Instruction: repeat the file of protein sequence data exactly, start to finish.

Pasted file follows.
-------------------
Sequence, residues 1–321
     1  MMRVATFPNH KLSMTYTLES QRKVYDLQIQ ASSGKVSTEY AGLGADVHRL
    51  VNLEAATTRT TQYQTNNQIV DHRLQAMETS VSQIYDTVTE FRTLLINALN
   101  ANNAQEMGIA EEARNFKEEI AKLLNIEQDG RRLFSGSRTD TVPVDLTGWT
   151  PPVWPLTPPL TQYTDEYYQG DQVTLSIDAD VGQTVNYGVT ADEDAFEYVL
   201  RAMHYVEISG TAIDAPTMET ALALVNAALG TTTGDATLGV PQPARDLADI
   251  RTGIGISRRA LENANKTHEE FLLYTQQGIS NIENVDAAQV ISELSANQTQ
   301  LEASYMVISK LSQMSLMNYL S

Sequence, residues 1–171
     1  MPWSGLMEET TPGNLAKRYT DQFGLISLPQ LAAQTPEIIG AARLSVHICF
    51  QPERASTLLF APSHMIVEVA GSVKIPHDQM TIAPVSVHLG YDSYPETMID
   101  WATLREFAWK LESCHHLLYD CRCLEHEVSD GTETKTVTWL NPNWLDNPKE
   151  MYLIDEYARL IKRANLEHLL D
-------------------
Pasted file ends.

Sequence, residues 1–321
     1  MMRVATFPNH KLSMTYTLES QRKVYDLQIQ ASSGKVSTEY AGLGADVHRL
    51  VNLEAATTRT TQYQTNNQIV DHRLQAMETS VSQIYDTVTE FRTLLINALN
   101  ANNAQEMGIA EEARNFKEEI AKLLNIEQDG RRLFSGSRTD TVPVDLTGWT
   151  PPVWPLTPPL TQYTDEYYQG DQVTLSIDAD VGQTVNYGVT ADEDAFEYVL
   201  RAMHYVEISG TAIDAPTMET ALALVNAALG TTTGDATLGV PQPARDLADI
   251  RTGIGISRRA LENANKTHEE FLLYTQQGIS NIENVDAAQV ISELSANQTQ
   301  LEASYMVISK LSQMSLMNYL S

Sequence, residues 1–171
     1  MPWSGLMEET TPGNLAKRYT DQFGLISLPQ LAAQTPEIIG AARLSVHICF
    51  QPERASTLLF APSHMIVEVA GSVKIPHDQM TIAPVSVHLG YDSYPETMID
   101  WATLREFAWK LESCHHLLYD CRCLEHEVSD GTETKTVTWL NPNWLDNPKE
   151  MYLIDEYARL IKRANLEHLL D